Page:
The following is a guest post by Dr. Heidi Grant Halvorson.
Is your employee a risk-taker, or does he avoid risks like the plague? Does she get uncomfortable with too much optimism or praise, or is she known for her sunny outlook? Do some assignments always seem particularly hard for her, while she excels at others naturally?
The answers to these questions give you a window into your employee’s motivational focus – something every leader needs to understand in order to give feedback and create incentives that are persuasive and motivating.
There are two ways to look at the goals we pursue at work (and in life). Let’s start with a goal many of us share: “doing my job well.” For some of us, doing our jobs well is about the potential for advancement, achievement and rewards. It’s about what we might gain if we are successful, how we might end up better off. If you are (or your employee is) someone who sees goals this way, you have what’s called a promotion focus.
For the rest of us, doing our jobs well is about security – about not losing everything we’ve worked so hard for. When you are prevention focused, you want to avoid danger, fulfill your responsibilities, and be someone people can count on. You want to keep things running smoothly.
What’s important to know is that promotion and prevention-focused people work very differently to Click here to continue reading »”Is Your Team Promotion Or Prevention-Focused? Here’s Why It Matters To Leaders”
The following is a guest piece by Megan Totka.
Great leadership is a necessity for any business that is striving for great success, especially during trying times. Without leadership that is effective, it’s nearly impossible for businesses to grow and expand, as is necessary in an ever-changing market.
While large corporations may be able to survive for short periods of time without great leadership in place, the opposite is often true for small businesses. Small businesses are often comprised of just a few employees, and could potentially fall apart if their leadership structure is in jeopardy.
So why exactly is it that great leadership is a must for small businesses? Here are a few reasons:
There’s been a lot discussion lately on the merits of telecommuting, in terms of fostering teamwork and innovation among disparate employees in an organization. While there’s certainly been a number of valid points made on both sides of this issue, one fundamental problem with this on-going discussion is the focus on how we work without any evaluation of how these strategies address the issue of why we work.
By now, all of us are familiar with the numerous studies that have unequivocally demonstrated that the ability to motivate employees through salary or other financial incentives has a very short shelf-life and is especially difficult to maintain when obstacles or challenges are placed in our way.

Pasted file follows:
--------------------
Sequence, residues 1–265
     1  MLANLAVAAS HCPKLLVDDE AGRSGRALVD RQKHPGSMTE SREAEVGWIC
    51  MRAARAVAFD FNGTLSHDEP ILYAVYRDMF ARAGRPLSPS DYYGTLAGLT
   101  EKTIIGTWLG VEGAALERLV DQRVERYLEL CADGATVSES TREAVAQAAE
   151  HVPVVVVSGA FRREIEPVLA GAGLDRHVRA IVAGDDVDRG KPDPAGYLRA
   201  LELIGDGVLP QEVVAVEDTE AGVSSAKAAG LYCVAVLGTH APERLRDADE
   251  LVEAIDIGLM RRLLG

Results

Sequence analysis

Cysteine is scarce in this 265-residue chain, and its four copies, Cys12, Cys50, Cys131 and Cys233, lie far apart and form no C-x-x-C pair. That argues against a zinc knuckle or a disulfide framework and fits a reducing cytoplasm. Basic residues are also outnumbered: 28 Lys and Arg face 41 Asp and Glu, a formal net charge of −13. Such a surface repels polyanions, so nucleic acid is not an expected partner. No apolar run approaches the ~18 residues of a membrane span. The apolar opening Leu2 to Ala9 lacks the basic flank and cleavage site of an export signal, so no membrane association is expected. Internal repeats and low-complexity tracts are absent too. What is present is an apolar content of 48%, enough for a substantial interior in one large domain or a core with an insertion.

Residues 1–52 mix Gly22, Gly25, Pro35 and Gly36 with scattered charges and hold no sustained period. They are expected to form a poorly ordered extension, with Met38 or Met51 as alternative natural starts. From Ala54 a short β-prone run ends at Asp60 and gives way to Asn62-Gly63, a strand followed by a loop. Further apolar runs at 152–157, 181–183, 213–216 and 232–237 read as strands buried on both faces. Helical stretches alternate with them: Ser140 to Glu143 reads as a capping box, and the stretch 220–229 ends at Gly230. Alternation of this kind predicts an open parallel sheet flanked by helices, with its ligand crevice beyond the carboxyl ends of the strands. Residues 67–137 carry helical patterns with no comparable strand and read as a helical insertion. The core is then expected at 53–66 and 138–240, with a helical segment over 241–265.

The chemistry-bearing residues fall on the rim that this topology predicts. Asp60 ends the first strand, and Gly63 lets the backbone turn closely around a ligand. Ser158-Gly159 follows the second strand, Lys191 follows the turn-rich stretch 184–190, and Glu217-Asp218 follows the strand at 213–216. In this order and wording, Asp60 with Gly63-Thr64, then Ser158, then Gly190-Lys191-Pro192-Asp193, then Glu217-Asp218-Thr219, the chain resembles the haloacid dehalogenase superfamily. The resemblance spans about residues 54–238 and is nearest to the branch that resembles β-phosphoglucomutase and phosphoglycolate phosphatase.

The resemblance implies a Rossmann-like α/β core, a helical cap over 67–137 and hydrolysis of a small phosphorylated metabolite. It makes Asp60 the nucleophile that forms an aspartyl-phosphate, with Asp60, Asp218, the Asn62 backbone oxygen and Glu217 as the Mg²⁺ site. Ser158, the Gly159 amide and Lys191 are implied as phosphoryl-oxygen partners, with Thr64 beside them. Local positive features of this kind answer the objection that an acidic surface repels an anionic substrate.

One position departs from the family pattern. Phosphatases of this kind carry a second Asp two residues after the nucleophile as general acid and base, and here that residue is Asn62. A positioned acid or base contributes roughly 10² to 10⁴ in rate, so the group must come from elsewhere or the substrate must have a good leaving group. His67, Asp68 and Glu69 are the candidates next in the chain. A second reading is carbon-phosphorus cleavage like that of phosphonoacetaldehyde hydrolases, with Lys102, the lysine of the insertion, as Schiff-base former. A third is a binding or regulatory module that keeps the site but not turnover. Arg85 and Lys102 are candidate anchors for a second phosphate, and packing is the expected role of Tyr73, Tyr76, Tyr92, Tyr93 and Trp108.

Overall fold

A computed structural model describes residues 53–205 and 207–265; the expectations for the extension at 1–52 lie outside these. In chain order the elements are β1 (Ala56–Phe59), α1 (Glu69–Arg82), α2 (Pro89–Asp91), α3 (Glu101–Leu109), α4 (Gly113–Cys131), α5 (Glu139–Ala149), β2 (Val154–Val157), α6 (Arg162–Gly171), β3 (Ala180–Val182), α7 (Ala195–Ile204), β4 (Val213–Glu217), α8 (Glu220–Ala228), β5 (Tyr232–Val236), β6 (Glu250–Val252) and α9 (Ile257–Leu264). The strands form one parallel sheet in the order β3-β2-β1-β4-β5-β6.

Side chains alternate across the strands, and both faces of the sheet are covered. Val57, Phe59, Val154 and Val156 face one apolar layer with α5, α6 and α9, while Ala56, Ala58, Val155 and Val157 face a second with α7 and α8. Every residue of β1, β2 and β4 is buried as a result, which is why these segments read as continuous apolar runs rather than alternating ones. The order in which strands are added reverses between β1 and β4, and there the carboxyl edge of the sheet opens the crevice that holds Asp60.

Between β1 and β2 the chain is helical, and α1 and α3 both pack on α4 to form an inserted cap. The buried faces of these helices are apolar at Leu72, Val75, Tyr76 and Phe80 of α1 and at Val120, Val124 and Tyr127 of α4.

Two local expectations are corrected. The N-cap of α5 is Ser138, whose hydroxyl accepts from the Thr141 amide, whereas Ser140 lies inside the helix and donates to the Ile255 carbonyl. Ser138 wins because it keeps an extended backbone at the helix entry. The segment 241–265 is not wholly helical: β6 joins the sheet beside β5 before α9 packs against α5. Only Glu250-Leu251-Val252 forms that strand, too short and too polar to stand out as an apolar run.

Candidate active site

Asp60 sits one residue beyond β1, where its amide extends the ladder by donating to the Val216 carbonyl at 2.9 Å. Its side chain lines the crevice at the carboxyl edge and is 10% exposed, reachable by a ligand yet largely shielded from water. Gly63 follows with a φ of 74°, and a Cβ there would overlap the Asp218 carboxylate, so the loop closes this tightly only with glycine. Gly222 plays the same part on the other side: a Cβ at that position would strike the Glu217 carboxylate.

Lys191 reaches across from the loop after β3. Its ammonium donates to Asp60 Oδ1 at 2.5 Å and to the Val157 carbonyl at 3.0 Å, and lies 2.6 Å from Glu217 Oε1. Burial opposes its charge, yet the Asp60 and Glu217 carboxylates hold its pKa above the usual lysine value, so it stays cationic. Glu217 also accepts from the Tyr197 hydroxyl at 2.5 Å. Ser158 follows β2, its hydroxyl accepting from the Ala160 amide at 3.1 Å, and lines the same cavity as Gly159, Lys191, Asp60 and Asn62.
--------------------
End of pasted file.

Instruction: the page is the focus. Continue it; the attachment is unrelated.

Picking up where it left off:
These studies have also shown that the most effective way to sustain our motivation and drive over the long run is being able to connect what we do with an internalized understanding and appreciation of the purpose behind why we do it; of why it matters both to ourselves, and to the organization and community we serve.
This is exactly the approach we see in many of today’s thriving organizations which have a clear connection between their collective efforts and the purpose behind their organization. These purpose-driven organizations don’t care about what their competition is doing because they don’t need to rely on others to define the value of what they do. That definition has already been created internally and collectively.
Our purpose tells us why what we do is so important that only we could do it, if not also why we have to do it. In the pursuit of profits and market share, it’s easy for an organization to Click here to continue reading »”What Organizations Really Need To Succeed And Thrive”
With only a few days left to this year, it’s natural that many of us are now breathing a sigh of relief that we’ve seen through the completion of another year at work. And if you’re one of the fortunate ones in today’s tough business climate, you’re probably also feeling that sense of relief that comes from achieving the goals we set out for ourselves, our team and our organization 11 months ago.
While many of us use the last week of December to rest and recuperate, it’s important that we not overlook the opportunity this time presents for reflection and review.
Indeed, whether this year was full of successes or losses, there is much that we can gain from the exercise of assessing not just what went right/wrong and why, but whether our efforts, culture, and beliefs remain aligned with our organization’s shared purpose.
To help with this process, I’d like to provide you with a series of questions to help you assess what lessons and insights you’ve learned over the past 12 months as you guided your organization towards your shared goals. For those who’d like to examine some of the questions in further detail, I’m also providing a link to a piece I wrote this year that reveals something about each question and what you can do to help your employees to achieve their shared goals. Click here to continue reading »”What Have You Learned Going Forward?”